Next, I ran an 800 meter interval in 3:27. After a half mile of recovery, I ran the big one, a 1,600-meter interval (one mile.) I was aiming for 7:00. I figured if I could crank out a 7:00 mile four miles into a speed workout, I was doing pretty good. I came up just a little short — 7:01. Then I did a half mile cooldown and called it a day.

I was pretty pleased with my impromptu speed workout and I think I have a good shot at PR’ing in this 5K this Saturday. I’ve done so the past two years, so I hope I don’t break the streak this time. I ran today’s workout in my New Balance 100s. I might take them out for their inaugural race this weekend. I can handle a 5K in those shoes right now.

September 20, 2010

Training for 9/20/10

Filed under: Uncategorized — aschmid3 @ 4:04 pm

This morning was some weight training.

Saturday, I ran the Chestertown Half Marathon. I left home around 6 a.m., stopping to get a pumpkin-flavored coffee from Dunkin’ Donuts on the way to the race site. I made it there in plenty of time to get my race bib and timing chip and get to the starting line by 8 a.m.

I have been saying all along this was going to be a training run, run at a slower pace than I would normally race. I don’t know why I keep saying that, because, like every other “training run in a race” I’ve tried to run, this one quickly became a PR attempt.

The weather was perfect. It was probably still in the high 50s or low 60s when we started. It didn’t feel too humid, it wasn’t very breezy and it was a clear, beautiful day.

It was a very small field, only 181 finishers. I got in line several rows back from the front. There were these two really annoying guys, trying to act as emcees and warm up the crowd before the race start. They were both wearing tight, short shorts, tank tops, compression socks and huge Afro wigs, and, inexplicably, they were talking in these indistinguishable foreign accents. One kept calling the other Sven, so I guess they were supposed to sound European.

Anyway, the gun went off on time. I took off at what felt like 9:00/mile. I missed the first mile marker, and when we hit the second, my watch said 16:30 — 8:15/mile pace. Oops.

I had a decision to make here: Keep up this pace or slow down to where I intended to be. But the second option would mean OMG PEOPLE WILL PASS ME. So naturally, my training run became a half marathon PR attempt.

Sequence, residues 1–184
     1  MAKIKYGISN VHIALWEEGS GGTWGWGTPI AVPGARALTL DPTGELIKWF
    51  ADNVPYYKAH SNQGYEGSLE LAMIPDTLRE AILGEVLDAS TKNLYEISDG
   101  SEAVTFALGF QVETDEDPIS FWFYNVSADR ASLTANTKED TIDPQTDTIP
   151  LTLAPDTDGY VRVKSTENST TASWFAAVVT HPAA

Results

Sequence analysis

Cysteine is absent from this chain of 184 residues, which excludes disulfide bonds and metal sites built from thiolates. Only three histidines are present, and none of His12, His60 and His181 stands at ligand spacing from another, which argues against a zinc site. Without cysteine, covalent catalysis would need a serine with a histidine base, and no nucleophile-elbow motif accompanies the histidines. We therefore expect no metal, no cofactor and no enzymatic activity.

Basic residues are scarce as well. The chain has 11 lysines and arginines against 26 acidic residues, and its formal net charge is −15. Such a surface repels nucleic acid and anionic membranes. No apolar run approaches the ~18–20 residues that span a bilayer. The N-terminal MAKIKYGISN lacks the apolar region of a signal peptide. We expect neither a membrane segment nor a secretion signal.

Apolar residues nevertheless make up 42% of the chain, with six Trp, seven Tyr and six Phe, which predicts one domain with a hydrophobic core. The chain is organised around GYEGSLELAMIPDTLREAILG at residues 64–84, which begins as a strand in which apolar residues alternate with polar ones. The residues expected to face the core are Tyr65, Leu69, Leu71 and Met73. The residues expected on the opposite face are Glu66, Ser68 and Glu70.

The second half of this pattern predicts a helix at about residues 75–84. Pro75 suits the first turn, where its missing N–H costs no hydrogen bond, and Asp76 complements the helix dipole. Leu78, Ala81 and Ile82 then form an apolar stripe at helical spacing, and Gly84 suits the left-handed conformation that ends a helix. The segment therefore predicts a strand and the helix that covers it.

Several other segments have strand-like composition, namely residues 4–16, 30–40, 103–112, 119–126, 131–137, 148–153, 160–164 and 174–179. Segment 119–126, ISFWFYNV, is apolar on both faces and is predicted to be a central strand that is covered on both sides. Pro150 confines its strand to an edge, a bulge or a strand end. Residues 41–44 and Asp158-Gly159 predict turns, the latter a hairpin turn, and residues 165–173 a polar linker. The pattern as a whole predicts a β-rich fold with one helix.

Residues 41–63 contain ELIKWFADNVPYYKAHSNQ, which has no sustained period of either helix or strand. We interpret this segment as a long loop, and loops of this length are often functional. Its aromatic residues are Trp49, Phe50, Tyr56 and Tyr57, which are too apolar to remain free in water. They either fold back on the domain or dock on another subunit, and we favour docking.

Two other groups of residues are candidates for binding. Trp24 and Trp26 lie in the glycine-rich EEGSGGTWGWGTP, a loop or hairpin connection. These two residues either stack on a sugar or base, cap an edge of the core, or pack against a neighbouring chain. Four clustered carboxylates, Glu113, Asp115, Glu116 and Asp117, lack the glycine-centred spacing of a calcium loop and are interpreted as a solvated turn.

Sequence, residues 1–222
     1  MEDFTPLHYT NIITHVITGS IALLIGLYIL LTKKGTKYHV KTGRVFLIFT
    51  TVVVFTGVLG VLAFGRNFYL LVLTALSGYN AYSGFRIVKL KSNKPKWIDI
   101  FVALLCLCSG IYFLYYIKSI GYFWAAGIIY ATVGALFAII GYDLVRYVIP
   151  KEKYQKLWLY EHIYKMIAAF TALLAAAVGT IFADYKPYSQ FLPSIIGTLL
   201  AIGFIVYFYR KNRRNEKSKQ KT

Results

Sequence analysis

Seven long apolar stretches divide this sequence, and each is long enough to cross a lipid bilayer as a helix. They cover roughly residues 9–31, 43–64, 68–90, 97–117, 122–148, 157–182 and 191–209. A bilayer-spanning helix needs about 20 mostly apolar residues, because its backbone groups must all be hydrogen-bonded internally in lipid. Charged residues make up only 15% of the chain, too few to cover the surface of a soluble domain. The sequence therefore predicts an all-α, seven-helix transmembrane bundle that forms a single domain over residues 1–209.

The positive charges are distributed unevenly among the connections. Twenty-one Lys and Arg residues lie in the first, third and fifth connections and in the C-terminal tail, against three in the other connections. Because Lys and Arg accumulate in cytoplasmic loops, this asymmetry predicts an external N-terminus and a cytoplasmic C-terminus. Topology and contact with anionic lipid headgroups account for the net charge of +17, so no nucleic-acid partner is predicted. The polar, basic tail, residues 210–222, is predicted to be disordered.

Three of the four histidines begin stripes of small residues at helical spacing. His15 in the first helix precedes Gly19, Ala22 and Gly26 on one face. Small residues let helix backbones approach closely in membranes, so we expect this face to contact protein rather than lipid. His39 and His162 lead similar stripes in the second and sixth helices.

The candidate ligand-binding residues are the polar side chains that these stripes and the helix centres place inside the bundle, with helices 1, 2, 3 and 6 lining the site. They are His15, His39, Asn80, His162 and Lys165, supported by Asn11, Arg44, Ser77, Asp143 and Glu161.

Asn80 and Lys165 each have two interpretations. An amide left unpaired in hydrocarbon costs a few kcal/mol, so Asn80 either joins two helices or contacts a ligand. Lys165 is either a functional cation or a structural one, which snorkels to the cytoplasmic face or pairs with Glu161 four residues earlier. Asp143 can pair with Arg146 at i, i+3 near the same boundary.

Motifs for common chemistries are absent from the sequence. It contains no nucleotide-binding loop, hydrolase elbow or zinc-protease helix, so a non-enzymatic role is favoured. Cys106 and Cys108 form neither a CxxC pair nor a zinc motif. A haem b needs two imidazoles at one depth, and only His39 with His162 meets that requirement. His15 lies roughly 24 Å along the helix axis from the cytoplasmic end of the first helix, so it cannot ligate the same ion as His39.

The course was an out-and-back with a small loop around the halfway point, all on paved roads. The whole way out was fields on either side, except for when we passed through a little “town” called Pomona. The loop was wooded.

Police had not bothered to close the roads. Since there were so few of us, they left one lane open for traffic. As I was leaving Pomona, I saw a car pull up to where a cop was directing traffic. I heard the cop tell the driver, “Yes ma’am, you can still drive through here, but there are some runners, so you might have to avoid them a bit.”

Haha. Avoid them “a bit.”

Anyway, I was cruising right along. I had no energy gels or chews with me, but the water and Gatorade they were passing out at aid stations seemed to be doing enough. In the ninth mile, on the way back toward town, we were running a very long, gradual uphill section, into the sun and into a headwind (where had that wind come from all of a sudden?) I lost a little time there. Then the road flattened, the wind shifted a bit and some trees provided a little relief from the glaring sun. I was getting my stride back around the 10-mile marker, when it happened.

Those old familiar gut pains came roaring up out of nowhere. And with a vengeance.

I knew I was going to have to stop at a port-o-potty in a race for the first time, until, with a sudden panic-inducing realization, I remembered there were NO PORT-O-POTTIES ON THE COURSE.

Up until that point, there had been some woods in which I could have ducked. But by the time my gut pains were reaching emergency status, we were getting back close to town, and the only trees at that point were either in someone’s front yard, or on the edge of the bank of the Chester River. I was really regretting my decision to wear bright purple shorts instead of something more tree-colored. I knew I was going to have to make it the final 5K with the runner’s trots if I didn’t want to literally crap my pants or cop a squat in full view of passing runners.

It was painful. I didn’t think that race would ever end. I forgot about my PR attempt and concentrated on not letting loose in my shorts. I got passed in the final mile by only one runner — but he was pushing a freaking jogging stroller. Both he and the kid in the stroller told me I was looking good. Ha! If they only knew.

Not long after he passed me, I could hear the cheers of the people at the finish line. I managed to give a little kick in the final couple of tenths of a mile while also keeping everything in check in my gurgling intestines. They announced my name as I crossed the line, which is the first time that’s happened.